Neither Good Nor Awful, ‘The Huntsman: Winter’s War’ is Bizarrely Entertaining

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Even though there didn’t seem to be much demand for a grim and gritty take on Snow White, 2012’s Snow White and the Huntsman proved successful enough to warrant a prequel/sequel hybrid that is The Huntsman: Winter’s War. Of course, this continuation of the 2012 film starring Kristen Stewart as Snow White all takes place without the either the actress or the character of Snow White, instead focusing on Chris Hemsworth’s Huntsman. The Huntsman: Winter’s War is not an awful movie, nor is it a good movie. It just simply is. This is two hours of bizarrely entertaining nonsense, an oddly compelling movie that falls just short of being a future cult classic.

After a montage reminds us of the events in the previous film, we’re greeted to narration provided by Liam Neeson. The Irish brogue of Neeson takes back to a time before the events of the first film, when Ravenna (Charlize Theron) commits regicide over a game of chess and ascends to the throne. Meanwhile, her sister Freya (Emily Blunt) is the midst of a forbidden love triangle, and she is pregnant with the child of her lover. Before Freya is to marry her beau in secret, she finds that her lover has torched their newborn baby, catching him standing over the charred crib with a torch in his hand. In case the last film didn’t make it abundantly clear, this fairy tale isn’t really intended for young children.

After the death of her child, Freya ascends to a throne of her own, becoming the Ice Queen. She assembles an army and razes villages, kidnapping the children and training them to become her own personal army. The Ice Queen tells her subjects, “In my kingdom there is but one law: Do not love.” Two children that have grown into her finest soldiers are Eric (Hemsworth) and Sara (Jessica Chastain), only they break the queen’s one law and secretly marry each other after a steamy love-making session in some hot springs. Following a fight with the Queen’s henchmen, the lovers are separated with Eric believing that Sara is dead. This, mind you, is just the setup for The Huntsman: Winter’s War.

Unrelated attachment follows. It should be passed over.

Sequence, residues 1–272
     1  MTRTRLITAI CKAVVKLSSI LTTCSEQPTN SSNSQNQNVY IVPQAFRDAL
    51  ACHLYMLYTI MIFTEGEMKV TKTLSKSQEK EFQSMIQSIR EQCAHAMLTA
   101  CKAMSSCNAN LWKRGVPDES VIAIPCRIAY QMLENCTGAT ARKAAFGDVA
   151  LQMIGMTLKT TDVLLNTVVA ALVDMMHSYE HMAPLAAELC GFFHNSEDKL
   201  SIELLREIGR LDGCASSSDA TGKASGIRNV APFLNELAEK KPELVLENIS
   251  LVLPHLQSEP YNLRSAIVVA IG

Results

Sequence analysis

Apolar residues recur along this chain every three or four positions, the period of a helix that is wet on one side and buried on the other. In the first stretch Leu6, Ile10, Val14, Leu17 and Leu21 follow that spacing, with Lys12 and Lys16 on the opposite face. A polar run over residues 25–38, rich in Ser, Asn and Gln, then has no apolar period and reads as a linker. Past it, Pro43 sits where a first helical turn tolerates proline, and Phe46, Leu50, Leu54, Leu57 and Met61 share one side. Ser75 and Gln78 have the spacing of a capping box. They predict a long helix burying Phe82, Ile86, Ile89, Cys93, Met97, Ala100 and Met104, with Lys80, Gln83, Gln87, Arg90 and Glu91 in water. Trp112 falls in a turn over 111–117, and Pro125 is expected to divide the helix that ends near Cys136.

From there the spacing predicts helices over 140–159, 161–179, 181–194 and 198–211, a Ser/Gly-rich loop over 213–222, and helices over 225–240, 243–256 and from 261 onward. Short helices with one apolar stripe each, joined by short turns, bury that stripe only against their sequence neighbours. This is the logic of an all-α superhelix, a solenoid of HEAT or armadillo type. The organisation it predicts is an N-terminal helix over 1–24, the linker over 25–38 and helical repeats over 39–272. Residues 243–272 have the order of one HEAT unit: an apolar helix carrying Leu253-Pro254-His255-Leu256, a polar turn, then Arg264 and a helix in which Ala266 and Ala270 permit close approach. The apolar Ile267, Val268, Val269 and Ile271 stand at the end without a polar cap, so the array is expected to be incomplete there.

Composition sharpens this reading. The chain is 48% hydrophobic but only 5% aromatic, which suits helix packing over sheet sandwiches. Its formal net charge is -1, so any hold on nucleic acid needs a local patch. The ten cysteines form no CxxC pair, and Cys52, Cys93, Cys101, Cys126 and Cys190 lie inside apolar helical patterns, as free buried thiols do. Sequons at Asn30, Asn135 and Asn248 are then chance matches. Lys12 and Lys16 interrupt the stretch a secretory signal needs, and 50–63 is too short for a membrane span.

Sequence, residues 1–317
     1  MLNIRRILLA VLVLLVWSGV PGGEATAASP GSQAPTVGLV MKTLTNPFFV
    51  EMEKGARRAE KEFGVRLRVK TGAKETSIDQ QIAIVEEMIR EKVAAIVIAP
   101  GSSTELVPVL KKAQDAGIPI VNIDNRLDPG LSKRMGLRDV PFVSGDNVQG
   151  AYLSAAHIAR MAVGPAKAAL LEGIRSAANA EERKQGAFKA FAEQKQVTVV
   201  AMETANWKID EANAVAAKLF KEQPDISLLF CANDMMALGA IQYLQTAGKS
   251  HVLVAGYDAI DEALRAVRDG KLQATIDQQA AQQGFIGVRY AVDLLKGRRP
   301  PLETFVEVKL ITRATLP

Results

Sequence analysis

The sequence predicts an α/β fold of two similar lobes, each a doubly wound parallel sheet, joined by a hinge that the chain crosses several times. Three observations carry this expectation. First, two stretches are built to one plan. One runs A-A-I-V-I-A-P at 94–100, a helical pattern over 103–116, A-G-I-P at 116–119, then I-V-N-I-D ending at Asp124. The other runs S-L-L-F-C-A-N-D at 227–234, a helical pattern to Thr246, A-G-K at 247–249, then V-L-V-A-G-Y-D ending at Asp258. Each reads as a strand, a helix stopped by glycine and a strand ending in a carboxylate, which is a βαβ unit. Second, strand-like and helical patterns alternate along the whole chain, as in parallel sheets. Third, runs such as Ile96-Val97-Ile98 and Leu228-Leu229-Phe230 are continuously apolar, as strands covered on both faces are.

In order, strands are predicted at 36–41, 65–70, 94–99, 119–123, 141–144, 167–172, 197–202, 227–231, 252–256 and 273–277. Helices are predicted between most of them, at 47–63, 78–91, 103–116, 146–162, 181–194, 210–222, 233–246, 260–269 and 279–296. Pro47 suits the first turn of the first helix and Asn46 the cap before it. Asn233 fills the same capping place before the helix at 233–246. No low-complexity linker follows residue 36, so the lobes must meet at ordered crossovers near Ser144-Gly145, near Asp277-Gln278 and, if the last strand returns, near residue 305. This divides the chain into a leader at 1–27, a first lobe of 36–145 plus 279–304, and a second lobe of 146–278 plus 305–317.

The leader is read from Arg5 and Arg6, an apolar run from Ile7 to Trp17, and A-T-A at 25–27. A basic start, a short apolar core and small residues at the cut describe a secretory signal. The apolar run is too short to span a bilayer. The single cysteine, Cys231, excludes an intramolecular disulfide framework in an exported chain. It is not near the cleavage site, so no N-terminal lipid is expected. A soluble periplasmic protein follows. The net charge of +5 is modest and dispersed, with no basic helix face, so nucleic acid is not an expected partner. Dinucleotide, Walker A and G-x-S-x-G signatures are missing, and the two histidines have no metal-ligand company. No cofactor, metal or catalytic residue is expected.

Seven years later, Ravenna has been vanquished by Snow White and the Huntsman, with Snow White becoming queen. We’re told by Snow White’s army that she has fallen ill and the magic mirror from the first film has gone missing. With the help of two dwarves, Nion (Nick Frost) and Gryff (Rob Brydon), the Huntsman must obtain the magic mirror and help the ailing Snow White. On their journey, Eric reunites with the totally alive Sara, though they have conflicting stories of what happened seven years prior which causes distrust between the former lovers. Also joining the adventuring posse are the dwarves Mrs. Bromwyn (Sheridan Smith) and Doreena (Alexandra Roach). All are in search of the mirror, the mystical MacGuffin at the heart of the film.

There’s no real through line in the script by Evan Spiliotopoulos and Craig Mazin. The characters move from scene to scene where they encounter some odd stuff that usually over-explained with deadening exposition, and the outcomes to a vast majority of the scenarios are painfully obvious. The magic mirror at the center of the story is incredibly ill-defined, meaning it can do anything at any given time for no real reason besides it has to. Though it doesn’t always work, the comic relief by the dwarves keeps the film pretty breezy, and it is nice seeing Rob Brydon in a big budget Hollywood movie.

And yet in its best moments, The Huntsman just kind of works anyways, but not always for the intended reasons. A remarkably inconsistent accent from Jessica Chastain are pretty consistently captivating, if only because Chastain can typically nail accents (See: Crimson Peak). Chris Hemsworth’s charismatic presence is used in one scene to convince a child how to disguise their feelings in order to live a life of subjugation as a soldier. It should be funny, but it comes as across as darkly comic. Odd performances from both Charlize Theron and Emily Blunt, with the former often being (unintentionally) funnier than the comic relief.

First-time director Cedric Nicolas-Troyan gets promoted from his role as second unit director on the previous film, but shows little feel for running the show. The action is woefully poor in its choreography and assembly, with sometime there only being one competent shot in an entire bewildering sequence. Had the action filmmaking craft of The Huntsman been slightly elevated, this film could’ve possibly been a kind of wonderful oddity. Nicolas-Troyan never even attempts to present any forms of parallel action. Right before the climactic battle, two of the dwarves go off on a mission and we don’t see them again until the battle’s conclusion. There’s a complete inability to build tension or suspense when it should matter most.

The fantasy genre always runs the risk of being odd or incomprehensible, but even the audacious failures that live on in cult immortality stay committed to their worlds of insanity. Sadly, The Huntsman: Winter’s War doesn’t go all the way with its insanity, attempting too often to pander to conventionality with far too many predictable story beats. Watching good actors dabble in camp in a bizarrely constructed fantasy is still fairly entertaining, and The Huntsman is no different. If only The Huntsman: Winter’s War were brazen enough to follow through on its craziest elements, I think I just might’ve remembered it tomorrow.

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